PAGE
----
8.0

The Good Wife Review: “The Deconstruction”

(Episode 6.20)

TV Reviews The Good Wife
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<i>The Good Wife</i> Review: &#8220;The Deconstruction&#8221;

In a recent review of Game of Thrones, Josh Jackson and Shane Ryan discussed the more mythical aspects of the series. Does it take the audience out of the narrative when zombies, dragons, and other strange beings appear? Or does it heighten the magic of the familial drama, and the more believable aspects of the show? Personally, I like my shows the way Buffy the Vampire Slayer liked her men—with a little bit of monster in them. That is to say, I embrace the stranger, more out-there moments. So shows like The Good Wife are more of an enjoyable experience when they play on the weirdness of things, and aren’t afraid to exaggerate reality a bit, especially in form. Last night, when Kalinda turned straight to the camera to say her final “Goodbye,” I just about keeled over with both happiness (over the perfection of that moment), and sadness, because it felt very real. We know we are really saying goodbye to Archie Panjabi, and her incredible performance over these past six seasons. I love when The Good Wife plays with its presentation like this, because it does so with amazing characters whose authenticity works perfectly alongside these stranger moments.

But the emotion of Kalinda’s farewell and Alicia Florrick’s gut-wrenching loss wasn’t quite enough to carry this episode to greater heights. Although we’ve seen a similar, manic sort of back-and-forth on the show, the “misunderstanding” between Alicia and Lockhart, Agos, and Lee felt a bit too contrived—unnecessary even. It worked to highlight the distrust that, more and more, seems ever-present among the lawyers (although it was nice to see that Cary firmly believed Alicia wasn’t poaching clients), but I found myself wishing “The Deconstruction” had focused more on Kalinda’s farewell than on this beef. In the end, all of the he-said, she-said didn’t matter. Kalinda seemingly managed to patch things up, getting Alicia and Diane to do what they should have done in the beginning—sit down, and honestly talk. And this also didn’t matter, because R.D. threatened to pull his business if Alicia returned. Overall, it felt like an attempt to give the audience the run-around, and while this method has worked in other episodes, it didn’t feel fitting this time around.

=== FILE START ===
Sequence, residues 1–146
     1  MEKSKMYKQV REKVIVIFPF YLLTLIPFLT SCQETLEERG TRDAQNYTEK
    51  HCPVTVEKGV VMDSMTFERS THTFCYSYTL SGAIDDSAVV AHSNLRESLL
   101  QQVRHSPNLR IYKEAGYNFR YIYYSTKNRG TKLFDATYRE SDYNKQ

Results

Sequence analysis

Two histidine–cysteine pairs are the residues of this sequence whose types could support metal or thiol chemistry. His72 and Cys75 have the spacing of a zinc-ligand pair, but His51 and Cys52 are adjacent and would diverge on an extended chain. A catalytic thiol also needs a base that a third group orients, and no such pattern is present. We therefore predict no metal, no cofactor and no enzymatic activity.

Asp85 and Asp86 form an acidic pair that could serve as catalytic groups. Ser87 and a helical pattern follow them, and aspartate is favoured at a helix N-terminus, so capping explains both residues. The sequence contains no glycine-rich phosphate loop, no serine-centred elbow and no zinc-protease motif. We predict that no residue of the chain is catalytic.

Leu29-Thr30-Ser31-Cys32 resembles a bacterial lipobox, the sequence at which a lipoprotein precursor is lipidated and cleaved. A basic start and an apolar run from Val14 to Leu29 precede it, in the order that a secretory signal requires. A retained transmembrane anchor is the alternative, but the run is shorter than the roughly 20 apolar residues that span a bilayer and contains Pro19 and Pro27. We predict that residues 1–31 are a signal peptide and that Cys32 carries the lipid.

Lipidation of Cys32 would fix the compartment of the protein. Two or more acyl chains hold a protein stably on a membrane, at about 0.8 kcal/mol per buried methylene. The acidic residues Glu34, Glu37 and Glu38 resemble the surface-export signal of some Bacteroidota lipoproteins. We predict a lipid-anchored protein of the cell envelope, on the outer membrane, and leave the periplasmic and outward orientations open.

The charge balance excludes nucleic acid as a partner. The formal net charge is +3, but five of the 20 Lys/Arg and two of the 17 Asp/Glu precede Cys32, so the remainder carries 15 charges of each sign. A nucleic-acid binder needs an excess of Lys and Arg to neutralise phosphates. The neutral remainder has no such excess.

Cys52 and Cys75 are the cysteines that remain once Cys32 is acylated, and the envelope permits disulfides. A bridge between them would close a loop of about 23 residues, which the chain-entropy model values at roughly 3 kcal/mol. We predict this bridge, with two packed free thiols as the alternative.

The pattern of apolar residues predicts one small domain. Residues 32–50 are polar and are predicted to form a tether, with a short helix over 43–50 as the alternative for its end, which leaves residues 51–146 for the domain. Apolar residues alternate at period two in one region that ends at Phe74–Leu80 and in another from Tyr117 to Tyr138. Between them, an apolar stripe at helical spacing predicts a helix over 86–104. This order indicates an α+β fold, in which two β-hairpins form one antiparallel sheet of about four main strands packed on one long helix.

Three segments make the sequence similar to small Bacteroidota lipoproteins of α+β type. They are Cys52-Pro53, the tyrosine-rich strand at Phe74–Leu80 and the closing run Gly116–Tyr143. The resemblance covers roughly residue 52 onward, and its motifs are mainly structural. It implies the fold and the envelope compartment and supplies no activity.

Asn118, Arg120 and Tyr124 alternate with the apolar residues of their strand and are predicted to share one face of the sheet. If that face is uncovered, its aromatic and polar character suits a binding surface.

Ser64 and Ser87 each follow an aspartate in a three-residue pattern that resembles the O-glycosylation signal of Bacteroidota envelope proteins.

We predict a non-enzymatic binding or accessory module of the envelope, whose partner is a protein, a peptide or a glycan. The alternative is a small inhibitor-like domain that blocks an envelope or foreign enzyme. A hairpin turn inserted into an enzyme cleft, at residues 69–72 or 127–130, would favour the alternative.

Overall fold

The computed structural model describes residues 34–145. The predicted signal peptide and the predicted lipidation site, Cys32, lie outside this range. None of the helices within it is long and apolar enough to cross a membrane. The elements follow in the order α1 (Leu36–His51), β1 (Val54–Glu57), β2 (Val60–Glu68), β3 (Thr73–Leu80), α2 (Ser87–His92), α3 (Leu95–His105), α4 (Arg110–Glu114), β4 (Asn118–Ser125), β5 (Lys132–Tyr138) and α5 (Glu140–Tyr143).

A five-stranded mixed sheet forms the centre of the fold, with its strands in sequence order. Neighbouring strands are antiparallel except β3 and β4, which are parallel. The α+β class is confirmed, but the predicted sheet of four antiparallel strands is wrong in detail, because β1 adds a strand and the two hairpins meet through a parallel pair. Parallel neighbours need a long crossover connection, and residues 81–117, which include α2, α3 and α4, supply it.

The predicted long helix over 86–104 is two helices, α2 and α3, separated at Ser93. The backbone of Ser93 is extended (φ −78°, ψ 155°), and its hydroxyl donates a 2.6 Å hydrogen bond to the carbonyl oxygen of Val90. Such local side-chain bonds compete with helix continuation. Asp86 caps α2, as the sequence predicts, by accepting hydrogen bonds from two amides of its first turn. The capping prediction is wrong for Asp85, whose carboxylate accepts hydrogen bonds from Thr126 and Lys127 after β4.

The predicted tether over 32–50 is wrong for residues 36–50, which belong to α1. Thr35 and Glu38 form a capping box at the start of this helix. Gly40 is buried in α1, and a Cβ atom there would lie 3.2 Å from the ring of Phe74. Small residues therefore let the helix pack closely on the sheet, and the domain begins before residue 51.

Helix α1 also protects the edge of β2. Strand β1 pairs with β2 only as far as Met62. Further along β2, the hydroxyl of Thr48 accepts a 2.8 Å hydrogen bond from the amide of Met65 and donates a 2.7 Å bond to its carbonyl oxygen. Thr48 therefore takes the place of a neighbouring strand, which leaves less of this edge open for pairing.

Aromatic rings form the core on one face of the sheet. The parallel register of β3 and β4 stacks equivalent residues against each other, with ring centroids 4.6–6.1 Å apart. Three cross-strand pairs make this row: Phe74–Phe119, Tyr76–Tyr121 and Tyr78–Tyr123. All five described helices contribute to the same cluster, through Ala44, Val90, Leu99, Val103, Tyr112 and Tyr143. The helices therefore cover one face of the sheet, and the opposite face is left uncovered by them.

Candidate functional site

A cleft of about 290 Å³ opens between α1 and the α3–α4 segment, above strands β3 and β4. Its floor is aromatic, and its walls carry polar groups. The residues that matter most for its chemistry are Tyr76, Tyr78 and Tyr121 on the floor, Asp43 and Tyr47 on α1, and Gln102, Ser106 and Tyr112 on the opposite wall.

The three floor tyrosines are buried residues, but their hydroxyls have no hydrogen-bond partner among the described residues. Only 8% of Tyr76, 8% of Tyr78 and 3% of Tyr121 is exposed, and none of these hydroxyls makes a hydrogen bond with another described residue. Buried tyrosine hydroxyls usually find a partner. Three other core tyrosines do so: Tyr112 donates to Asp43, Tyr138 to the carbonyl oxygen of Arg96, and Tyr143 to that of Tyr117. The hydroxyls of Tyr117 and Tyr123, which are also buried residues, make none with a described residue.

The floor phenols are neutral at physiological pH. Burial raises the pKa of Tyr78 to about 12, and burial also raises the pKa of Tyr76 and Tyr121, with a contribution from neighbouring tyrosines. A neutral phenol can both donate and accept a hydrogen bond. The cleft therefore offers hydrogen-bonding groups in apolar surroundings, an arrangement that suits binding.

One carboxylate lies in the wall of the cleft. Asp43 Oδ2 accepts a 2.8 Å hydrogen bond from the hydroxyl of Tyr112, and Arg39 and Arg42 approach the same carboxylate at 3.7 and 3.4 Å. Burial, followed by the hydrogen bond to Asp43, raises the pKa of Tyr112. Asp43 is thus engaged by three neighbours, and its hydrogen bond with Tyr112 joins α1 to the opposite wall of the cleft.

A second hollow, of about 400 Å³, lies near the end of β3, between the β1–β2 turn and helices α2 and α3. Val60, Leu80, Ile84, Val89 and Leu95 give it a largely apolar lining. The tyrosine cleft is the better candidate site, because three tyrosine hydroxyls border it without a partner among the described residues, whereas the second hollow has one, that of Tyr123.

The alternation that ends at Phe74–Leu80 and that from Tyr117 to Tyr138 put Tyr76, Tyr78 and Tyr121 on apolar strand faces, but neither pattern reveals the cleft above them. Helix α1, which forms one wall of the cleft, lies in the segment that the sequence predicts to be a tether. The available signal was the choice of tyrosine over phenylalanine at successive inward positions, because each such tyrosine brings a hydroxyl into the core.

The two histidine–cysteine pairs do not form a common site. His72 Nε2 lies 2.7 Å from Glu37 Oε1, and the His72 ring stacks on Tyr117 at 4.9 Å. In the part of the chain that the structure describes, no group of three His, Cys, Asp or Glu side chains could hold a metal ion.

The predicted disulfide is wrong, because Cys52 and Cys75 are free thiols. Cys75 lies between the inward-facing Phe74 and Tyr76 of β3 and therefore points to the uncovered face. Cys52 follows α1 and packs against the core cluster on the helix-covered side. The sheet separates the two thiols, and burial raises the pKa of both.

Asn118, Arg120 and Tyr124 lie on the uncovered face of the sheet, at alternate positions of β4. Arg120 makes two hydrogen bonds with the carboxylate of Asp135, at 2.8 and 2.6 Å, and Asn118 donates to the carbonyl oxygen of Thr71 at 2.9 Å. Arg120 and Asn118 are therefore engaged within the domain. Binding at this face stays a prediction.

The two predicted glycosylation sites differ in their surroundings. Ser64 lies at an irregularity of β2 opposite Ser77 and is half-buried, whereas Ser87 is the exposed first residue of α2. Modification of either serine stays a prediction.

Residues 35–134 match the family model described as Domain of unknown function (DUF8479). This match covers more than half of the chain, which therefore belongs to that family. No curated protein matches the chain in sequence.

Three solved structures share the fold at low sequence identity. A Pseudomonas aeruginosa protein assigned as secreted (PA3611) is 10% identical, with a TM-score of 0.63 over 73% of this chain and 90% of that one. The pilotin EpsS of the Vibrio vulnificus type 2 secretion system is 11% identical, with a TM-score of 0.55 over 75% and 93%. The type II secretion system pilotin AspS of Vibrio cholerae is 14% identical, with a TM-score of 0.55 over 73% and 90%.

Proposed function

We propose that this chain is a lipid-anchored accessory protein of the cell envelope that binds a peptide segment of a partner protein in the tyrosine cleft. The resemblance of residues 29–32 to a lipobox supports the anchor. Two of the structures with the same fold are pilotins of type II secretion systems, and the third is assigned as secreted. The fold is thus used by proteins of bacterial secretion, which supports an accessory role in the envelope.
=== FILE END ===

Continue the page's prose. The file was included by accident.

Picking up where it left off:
The case of the week also didn’t pull me in as I’d hoped it would, although I’m glad to see The Good Wife continuing to take on legitimate issues in modern law, like mandatory minimum sentencing. Also, Phyllis Somerville (who played Louise, the elderly woman headed for hard time after getting caught mailing ecstasy) is also an incredible actor (I always remember her as the sweet, if smothery mother from Little Children). She was beyond hilarious faking her drug addiction to Joy (who we all love and remember from Cary’s time on probation). Again, Kalinda saves the day when she discovers that Louise’s e-pills were cut in half, and she really only had 13 on her. On The Good Wife it’s always the small things, the details—two more tablets and she would have been behind bars.